Grendel

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Themes and Colors
Monsters and Humans Theme Icon
Language Theme Icon
Loneliness and Isolation Theme Icon
Nature and Time Theme Icon
Heroism Theme Icon
Philosophy, Theory, and Belief Theme Icon
LitCharts assigns a color and icon to each theme in Grendel, which you can use to track the themes throughout the work.
Language Theme Icon

Grendel explores the power, consequences, seductions, and deceptions of various forms of language. Language is what separates Grendel from nature and from his mother. His ability to speak marks him as different from the rest of the natural world that cannot respond to him. The very language that enables Grendel to tell his own story actually isolates him within what Grendel calls a “pale skin of words that closes me in like a coffin.” His use of language connects him to the Danes, but even they are often unable (or unwilling) to understand him.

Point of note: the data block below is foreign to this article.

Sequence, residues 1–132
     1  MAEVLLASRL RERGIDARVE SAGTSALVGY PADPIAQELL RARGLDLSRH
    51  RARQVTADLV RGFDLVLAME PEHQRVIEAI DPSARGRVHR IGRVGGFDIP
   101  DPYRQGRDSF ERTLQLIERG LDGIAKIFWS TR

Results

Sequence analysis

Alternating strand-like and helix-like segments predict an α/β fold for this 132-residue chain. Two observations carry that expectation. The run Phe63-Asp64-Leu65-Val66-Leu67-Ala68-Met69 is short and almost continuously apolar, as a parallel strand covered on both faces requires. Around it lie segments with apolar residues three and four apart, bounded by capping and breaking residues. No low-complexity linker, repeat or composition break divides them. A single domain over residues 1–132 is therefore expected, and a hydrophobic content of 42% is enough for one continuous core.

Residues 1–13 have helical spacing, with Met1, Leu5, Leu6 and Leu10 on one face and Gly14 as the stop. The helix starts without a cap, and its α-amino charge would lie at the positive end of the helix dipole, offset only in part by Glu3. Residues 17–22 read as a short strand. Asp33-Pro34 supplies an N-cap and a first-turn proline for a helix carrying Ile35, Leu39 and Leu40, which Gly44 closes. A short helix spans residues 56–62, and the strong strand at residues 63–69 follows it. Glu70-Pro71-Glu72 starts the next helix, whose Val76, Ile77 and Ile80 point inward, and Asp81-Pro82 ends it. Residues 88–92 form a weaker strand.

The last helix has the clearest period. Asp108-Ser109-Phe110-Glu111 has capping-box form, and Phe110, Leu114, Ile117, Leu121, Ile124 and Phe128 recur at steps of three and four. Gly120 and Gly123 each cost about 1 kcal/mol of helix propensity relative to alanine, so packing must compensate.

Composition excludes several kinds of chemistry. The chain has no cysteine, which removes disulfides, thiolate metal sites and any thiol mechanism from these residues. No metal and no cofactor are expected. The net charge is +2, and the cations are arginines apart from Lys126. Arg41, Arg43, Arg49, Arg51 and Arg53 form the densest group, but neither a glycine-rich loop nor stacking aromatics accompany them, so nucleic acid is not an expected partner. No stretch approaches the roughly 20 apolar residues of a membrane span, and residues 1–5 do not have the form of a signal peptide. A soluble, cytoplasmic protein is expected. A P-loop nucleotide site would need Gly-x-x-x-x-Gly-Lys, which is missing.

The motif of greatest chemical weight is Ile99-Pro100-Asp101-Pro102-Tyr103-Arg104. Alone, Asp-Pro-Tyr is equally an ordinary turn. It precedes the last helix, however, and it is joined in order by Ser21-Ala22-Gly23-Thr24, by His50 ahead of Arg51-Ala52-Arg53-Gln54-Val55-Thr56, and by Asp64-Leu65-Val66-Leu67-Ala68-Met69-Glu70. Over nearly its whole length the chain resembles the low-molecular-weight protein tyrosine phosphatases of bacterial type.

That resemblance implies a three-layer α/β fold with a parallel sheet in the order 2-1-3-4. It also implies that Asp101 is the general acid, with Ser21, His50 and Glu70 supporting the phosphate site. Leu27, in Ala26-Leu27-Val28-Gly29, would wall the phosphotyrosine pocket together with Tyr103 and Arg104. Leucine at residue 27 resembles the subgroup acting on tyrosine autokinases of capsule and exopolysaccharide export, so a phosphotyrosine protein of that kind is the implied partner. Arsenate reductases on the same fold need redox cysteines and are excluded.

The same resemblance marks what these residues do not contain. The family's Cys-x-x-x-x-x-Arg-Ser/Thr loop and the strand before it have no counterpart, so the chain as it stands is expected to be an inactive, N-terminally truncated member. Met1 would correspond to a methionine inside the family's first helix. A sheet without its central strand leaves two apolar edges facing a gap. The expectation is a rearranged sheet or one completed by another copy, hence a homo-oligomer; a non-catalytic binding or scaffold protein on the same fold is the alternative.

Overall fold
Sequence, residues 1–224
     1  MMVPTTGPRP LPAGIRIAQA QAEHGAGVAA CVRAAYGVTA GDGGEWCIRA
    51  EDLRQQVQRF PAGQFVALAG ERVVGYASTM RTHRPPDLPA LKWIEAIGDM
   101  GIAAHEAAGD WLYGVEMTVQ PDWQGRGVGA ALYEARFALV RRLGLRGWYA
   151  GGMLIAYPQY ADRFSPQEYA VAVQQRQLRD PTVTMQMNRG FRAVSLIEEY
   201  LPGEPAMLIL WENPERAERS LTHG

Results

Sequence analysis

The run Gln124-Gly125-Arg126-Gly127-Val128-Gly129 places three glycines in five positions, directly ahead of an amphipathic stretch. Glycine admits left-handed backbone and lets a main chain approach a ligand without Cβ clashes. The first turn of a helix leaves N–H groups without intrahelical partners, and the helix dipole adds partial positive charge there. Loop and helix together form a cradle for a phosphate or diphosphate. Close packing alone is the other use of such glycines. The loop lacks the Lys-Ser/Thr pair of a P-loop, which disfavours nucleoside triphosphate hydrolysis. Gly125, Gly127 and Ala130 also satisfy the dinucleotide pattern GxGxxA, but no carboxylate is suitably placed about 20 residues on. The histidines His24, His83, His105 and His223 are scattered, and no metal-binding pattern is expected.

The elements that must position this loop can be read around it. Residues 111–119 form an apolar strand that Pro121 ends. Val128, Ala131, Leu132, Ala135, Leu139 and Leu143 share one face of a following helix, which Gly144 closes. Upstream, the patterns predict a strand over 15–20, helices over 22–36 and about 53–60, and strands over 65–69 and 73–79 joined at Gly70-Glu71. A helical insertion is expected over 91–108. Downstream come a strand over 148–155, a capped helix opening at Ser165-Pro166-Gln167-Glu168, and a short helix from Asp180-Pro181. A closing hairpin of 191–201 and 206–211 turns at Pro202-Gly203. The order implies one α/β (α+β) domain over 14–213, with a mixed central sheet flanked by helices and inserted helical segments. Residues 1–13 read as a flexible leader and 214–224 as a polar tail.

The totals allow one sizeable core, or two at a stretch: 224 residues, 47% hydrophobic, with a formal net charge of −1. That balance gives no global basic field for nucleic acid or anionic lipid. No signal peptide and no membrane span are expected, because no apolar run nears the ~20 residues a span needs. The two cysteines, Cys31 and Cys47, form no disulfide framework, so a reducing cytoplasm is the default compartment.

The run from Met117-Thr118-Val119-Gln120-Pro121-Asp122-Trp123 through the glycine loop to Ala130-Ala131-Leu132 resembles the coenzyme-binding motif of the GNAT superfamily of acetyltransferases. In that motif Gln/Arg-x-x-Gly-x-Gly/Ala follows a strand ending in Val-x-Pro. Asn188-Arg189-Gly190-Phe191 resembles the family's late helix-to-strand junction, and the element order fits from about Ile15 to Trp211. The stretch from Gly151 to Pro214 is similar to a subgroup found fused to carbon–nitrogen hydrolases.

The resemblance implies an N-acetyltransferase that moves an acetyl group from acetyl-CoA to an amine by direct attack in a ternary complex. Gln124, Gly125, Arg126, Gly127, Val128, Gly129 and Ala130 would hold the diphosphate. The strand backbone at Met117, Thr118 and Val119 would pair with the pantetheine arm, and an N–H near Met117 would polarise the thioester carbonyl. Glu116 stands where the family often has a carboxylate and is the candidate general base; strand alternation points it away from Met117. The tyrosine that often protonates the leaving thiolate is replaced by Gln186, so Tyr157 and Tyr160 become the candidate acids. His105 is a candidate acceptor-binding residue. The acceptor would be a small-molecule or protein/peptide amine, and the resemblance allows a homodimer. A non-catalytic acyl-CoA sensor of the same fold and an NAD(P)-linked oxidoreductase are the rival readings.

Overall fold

Through the character of the Shaper, the novel displays both the power and deception of language. The Shaper is able to make the lies of heroism seem true and alluring. His very name implies that his artful language has the power to shape and change things. In making a comprehensible order out of the chaos of the world and in presenting a glorified narrative of the history of the Danes, the Shaper holds a central place in Hrothgar’s kingdom. Grendel is both intrigued and outraged by the Shaper’s songs, which he often goes to hear. He knows that the songs are lies, but is also carried away by the beauty and pleasure of the Shaper’s art. As the novel progresses, Grendel’s own narration is even influenced by the Shaper’s language, as it becomes self-consciously poetic and interspersed with passages of verse.